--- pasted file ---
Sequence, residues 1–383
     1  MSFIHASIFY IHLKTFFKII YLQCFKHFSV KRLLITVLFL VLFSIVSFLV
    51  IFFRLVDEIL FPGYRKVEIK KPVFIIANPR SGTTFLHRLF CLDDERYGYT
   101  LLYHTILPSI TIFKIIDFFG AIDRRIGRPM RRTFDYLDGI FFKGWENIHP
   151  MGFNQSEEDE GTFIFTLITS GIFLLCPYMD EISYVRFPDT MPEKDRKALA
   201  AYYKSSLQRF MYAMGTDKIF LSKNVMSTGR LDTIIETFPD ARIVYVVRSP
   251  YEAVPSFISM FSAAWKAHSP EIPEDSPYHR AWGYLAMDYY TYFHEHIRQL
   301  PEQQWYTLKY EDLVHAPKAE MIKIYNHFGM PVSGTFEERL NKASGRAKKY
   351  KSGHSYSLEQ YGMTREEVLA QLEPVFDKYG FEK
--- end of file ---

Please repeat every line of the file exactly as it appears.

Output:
Sequence, residues 1–383
     1  MSFIHASIFY IHLKTFFKII YLQCFKHFSV KRLLITVLFL VLFSIVSFLV
    51  IFFRLVDEIL FPGYRKVEIK KPVFIIANPR SGTTFLHRLF CLDDERYGYT
   101  LLYHTILPSI TIFKIIDFFG AIDRRIGRPM RRTFDYLDGI FFKGWENIHP
   151  MGFNQSEEDE GTFIFTLITS GIFLLCPYMD EISYVRFPDT MPEKDRKALA
   201  AYYKSSLQRF MYAMGTDKIF LSKNVMSTGR LDTIIETFPD ARIVYVVRSP
   251  YEAVPSFISM FSAAWKAHSP EIPEDSPYHR AWGYLAMDYY TYFHEHIRQL
   301  PEQQWYTLKY EDLVHAPKAE MIKIYNHFGM PVSGTFEERL NKASGRAKKY
   351  KSGHSYSLEQ YGMTREEVLA QLEPVFDKYG FEK